Kids born the same year the paperless office was first predicted are old enough to be sending their kids off to college, but offices large and small are still buying paper and printers.
We’ll never see the much-predicted paperless office, but we’ve reached the age of a “paper-smart” office: digital documents when and where they make sense, printed documents when they are needed.
Despite improvements in digital screens, it is easier on our eyes to read printed content than digital content. Besides eye and other health benefits, research has also found that comprehension is stronger by reading on printed paper than on a screen.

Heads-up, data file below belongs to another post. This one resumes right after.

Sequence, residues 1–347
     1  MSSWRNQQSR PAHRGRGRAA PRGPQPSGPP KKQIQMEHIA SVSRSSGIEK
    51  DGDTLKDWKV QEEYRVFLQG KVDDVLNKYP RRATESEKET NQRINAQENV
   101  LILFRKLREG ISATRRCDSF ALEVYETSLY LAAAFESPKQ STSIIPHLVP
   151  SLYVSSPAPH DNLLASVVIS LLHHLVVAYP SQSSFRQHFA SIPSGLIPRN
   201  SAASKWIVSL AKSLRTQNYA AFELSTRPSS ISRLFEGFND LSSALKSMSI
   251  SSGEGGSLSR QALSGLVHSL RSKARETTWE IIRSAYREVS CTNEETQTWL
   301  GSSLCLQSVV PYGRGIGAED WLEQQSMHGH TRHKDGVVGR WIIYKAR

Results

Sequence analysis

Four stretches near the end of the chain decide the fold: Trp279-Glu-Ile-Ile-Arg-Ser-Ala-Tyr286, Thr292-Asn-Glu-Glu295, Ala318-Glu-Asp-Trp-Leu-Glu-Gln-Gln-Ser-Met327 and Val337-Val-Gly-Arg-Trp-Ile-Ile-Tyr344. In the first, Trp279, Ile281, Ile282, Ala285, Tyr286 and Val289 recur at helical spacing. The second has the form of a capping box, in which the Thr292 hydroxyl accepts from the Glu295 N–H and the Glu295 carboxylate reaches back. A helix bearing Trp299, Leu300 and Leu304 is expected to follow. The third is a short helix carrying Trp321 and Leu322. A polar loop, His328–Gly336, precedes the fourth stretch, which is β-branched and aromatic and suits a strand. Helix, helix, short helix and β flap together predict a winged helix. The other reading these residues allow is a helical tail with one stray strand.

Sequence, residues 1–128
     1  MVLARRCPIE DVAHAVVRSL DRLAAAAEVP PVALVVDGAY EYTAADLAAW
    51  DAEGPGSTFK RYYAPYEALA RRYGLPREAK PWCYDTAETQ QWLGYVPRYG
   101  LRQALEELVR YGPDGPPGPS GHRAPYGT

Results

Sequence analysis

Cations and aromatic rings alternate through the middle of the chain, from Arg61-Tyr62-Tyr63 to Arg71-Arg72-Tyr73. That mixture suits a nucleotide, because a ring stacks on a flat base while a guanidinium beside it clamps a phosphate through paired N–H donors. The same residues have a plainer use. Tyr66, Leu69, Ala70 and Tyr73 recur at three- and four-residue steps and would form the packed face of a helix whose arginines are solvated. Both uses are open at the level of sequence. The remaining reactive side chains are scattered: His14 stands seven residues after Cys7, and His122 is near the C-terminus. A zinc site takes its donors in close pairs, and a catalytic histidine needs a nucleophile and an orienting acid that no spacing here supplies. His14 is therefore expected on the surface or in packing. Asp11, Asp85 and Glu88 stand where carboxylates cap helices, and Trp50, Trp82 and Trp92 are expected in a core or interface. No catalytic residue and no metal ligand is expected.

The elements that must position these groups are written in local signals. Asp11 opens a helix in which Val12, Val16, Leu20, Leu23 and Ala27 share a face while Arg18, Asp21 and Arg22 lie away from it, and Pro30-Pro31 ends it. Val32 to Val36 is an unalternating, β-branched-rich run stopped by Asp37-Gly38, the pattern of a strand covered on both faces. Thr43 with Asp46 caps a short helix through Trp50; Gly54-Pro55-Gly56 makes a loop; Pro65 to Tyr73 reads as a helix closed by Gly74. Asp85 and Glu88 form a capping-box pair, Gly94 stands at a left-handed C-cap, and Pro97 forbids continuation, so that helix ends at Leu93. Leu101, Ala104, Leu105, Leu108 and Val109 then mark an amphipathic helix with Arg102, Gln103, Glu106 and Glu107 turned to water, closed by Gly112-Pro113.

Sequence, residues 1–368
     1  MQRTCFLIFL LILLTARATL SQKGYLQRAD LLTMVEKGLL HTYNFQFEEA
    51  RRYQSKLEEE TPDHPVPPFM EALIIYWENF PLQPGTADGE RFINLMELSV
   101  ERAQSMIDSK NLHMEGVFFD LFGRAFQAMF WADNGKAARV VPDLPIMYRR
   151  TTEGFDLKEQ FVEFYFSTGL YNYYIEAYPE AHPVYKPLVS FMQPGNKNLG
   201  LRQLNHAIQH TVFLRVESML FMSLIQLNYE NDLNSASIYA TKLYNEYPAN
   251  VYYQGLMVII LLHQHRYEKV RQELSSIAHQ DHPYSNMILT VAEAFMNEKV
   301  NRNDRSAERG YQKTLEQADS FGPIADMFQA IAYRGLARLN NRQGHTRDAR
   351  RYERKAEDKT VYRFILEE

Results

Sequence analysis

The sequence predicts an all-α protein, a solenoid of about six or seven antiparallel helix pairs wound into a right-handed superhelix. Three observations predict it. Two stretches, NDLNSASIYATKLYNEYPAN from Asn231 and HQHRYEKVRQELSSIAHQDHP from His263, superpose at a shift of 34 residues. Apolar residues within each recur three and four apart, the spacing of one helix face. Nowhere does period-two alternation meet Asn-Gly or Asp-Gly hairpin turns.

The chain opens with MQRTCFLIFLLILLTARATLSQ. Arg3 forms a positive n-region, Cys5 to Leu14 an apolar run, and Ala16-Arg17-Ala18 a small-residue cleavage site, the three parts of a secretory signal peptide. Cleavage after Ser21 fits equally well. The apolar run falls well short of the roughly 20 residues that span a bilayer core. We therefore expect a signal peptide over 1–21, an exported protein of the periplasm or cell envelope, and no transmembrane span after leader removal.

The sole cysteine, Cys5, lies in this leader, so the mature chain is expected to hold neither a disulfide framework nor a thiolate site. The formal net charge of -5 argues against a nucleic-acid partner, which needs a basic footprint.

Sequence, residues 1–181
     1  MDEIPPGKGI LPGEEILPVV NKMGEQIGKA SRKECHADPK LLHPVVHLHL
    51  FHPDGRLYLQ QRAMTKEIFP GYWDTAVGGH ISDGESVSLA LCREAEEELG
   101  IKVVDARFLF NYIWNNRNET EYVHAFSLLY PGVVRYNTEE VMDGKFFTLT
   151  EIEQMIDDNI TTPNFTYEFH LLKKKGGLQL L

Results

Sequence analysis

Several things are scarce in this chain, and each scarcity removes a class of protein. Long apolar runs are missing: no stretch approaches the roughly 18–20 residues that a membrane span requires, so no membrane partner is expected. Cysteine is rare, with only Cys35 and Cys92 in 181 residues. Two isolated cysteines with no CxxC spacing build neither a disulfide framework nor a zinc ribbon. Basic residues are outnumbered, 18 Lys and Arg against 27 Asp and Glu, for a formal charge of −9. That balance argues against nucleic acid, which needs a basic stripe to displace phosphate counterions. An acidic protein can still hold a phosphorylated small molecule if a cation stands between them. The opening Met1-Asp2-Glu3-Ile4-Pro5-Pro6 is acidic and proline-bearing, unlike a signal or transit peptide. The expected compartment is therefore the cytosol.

According to a survey by Two Sides, 88 percent of respondents said that they understood, retained, or used information better when they read print on paper. Even millennials—digital natives—report that they prefer reading books on paper rather than on screen.